MH Hub Thought Leadership Articles
Image: Unsplash

Just How Much Can Menstruation affect Girls Education?


In this article published on Apolitical, we explore the role that the menstrual cycle plays in girls ability to access an education and if the menstrual cycle is indeed a barrier. Take a read through this thoughtful educational piece!

Image: NOAA on Unsplash

PMDD: Learning to
Weather the Storm


Guest blogger Terri Harris writes about her experiences with Premenstrual Dysphoric Disorder (PMDD). In a vulnerable journey, she talks about her personal experience with the disorder, which around 2% menstruators suffer with. Weather the storm with Terri.

1. WoMena, 2020: Beyond Distribution: A Feasibility Study of Introducing a Menstrual Health Component into Four Secondary Schools in Buikwe District, Uganda (Phase 1).  A pilot intervention was conducted by WoMena Uganda in collaboration with the Icelandic Embassy and the Icelandic International Assistance Development Agency in four secondary schools in Buikwe districts, Uganda to integrate a Menstrual Health Management (MHM) component into the selected secondary schools and to assess the appropriateness of introducing menstrual cups (MCs) and reusable pads to schoolgirls from April 2017 to November 2018. 

2. WoMena, 2020: Impact of COVID-19 pandemic on menstruating women and girls in Uganda: Preliminary findings. WoMena Uganda undertook a rapid assessment among 69 participants in six districts in Uganda to understand the impact of COVID-19 on how women & girls manage their menstruation in Uganda. Results: 35% are experiencing changes in their menstruation (e.g. irregular and painful periods) mostly due to stress. 72% reported that there has been an increase of 17-33% in the price of disposable pads. 34% reported that they have had difficulty in accessing menstrual health management (MHM) products due to loss of household income. Participants who use menstrual cups reported more positive feedback in terms of accessing MHM products and managing their period during the COVID-19 pandemic. 14% knew someone or experienced themselves violence because they are using household finances for MHM products.

3. WoMena FAQ, 2020: What are the links between Menstrual Health Management & Gender-Based Violence. There is a growing understanding that gender-based violence (GBV) has many dimensions, both physical and psychological. It additionally includes both a deliberate deprive of dignity and access to basic services. This also applies to MHM. This FAQ explores the link between GBV and MHM. Many dimensions have been found to have an association with GBV: early/child/forced marriage, transactional sex, poor access to WASH in schools, and in life in general, education, and misconceptions and harmful traditional practices. Many of these associations are or can be expected to be exacerbated in crisis situations e.g. in humanitarian settings and the COVID-19 pandemic.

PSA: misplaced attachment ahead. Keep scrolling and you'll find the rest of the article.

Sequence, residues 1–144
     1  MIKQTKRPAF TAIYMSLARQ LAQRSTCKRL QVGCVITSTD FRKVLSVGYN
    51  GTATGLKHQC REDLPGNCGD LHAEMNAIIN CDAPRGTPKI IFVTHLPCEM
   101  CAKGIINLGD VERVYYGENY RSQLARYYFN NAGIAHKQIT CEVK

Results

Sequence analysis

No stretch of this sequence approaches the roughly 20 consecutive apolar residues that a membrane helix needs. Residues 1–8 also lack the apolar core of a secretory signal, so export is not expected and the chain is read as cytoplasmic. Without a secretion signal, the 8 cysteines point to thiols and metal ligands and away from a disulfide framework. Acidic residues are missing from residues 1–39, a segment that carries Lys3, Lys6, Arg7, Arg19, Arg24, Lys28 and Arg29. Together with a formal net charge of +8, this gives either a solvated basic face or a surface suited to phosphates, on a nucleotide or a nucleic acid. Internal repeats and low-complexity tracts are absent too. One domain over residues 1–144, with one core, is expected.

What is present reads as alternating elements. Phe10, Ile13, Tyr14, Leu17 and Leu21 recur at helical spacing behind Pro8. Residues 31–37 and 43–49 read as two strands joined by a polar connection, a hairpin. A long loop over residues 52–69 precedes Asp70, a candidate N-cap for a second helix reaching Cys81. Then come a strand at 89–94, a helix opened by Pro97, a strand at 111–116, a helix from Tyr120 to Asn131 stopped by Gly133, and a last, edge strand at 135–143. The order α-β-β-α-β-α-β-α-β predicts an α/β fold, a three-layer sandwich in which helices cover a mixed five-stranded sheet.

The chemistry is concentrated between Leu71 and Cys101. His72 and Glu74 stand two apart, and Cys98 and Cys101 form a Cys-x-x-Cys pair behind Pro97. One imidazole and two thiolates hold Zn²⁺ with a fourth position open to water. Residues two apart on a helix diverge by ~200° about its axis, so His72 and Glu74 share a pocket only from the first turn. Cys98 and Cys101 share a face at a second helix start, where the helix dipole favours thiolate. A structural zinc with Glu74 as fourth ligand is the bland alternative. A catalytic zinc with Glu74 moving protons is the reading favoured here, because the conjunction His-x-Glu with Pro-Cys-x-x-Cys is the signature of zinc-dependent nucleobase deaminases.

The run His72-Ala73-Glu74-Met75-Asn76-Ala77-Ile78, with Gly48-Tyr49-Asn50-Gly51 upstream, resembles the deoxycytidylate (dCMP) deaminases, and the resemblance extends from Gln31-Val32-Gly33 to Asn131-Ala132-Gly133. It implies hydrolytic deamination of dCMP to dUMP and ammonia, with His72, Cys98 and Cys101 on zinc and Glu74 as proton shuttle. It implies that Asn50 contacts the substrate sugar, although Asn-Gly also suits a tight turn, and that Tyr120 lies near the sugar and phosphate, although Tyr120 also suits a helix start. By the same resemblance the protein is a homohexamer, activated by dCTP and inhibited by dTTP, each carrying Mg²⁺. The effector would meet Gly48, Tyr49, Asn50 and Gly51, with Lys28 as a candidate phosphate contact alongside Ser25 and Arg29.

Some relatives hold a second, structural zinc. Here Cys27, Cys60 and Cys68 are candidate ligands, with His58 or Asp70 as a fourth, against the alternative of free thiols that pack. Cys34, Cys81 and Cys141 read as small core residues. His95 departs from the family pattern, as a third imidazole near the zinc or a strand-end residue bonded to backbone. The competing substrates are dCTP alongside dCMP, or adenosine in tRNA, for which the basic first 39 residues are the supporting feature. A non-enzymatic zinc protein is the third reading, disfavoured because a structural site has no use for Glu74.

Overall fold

4. Babagoli et al., 2020: The Cost‐Benefit and Cost‐Effectiveness of Providing Menstrual Cups and Sanitary Pads to Schoolgirls in Rural Kenya. A randomised controlled feasibility study was conducted to explore the cost-benefit and cost-effectiveness of providing menstrual cups (MCs) and disposable pads to primary schoolgirls aged 14-16 years old in Siaya County in western Kenya. Results: Provision of MCs costs 2.73 USD annually per student, and provision of disposable pads costs 22.42 USD annually per student. The health impacts of the MC programme were greater compared to the health effects of disposable pad programmes. The disposable pad programme had positive benefits on school attendance. However, the authors said that they may not be able to detect a treatment effect of the MC on school attendance given the longer time required to be adopted to the MC.
Check out more Research in the MH Hub Knowledge Hive
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The Global Menstrual Map
724 registered & going strong! 
 

The Menstrual Health Hub has the most comprehensive overview of who is doing what, where, around menstrual health and periods, worldwide.

The Menstrual Map has over 27,000 views to date!
I want to help improve collaboration in this space!
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Have feedback? We'd love to hear from you! 

Email us at info@mhhub.org
*We use the word female to denote the sex that can bear offspring or produce eggs, distinguished biologically by the production of gametes (ova). At the MH Hub, the term 'female health' is used to capture the experiences related to the presence of the menstrual cycle and the specific health issues an individual may face over their life cycle as a result.  We recognize that not all women menstruate, and not all who menstruate identify with being a woman, and strongly advocate for the inclusion of diverse voices, identities and bodies in discussions around female and menstrual health.


Copyright © 2020, Menstrual Health Hub gUG, All rights reserved.


The Menstrual Health Hub (MH Hub) is a female health impact organization focused on ecosystem-building, knowledge sharing and high-level advocacy around menstrual health worldwide. Menstrual Health Hub gUG (haftungsbeschränkt) is a German nonprofit-enterprise company (limited liability)  

MH Hug UG is a strategic consulting agency specializing in gender and female health.
 MH Hub UG (haftungsbeschränkt) is an German enterprise company (limited liability). Both companies are registered at Factory Berlin, 76/77 Rheinsbergerstraße, 10115 Berlin, Germany.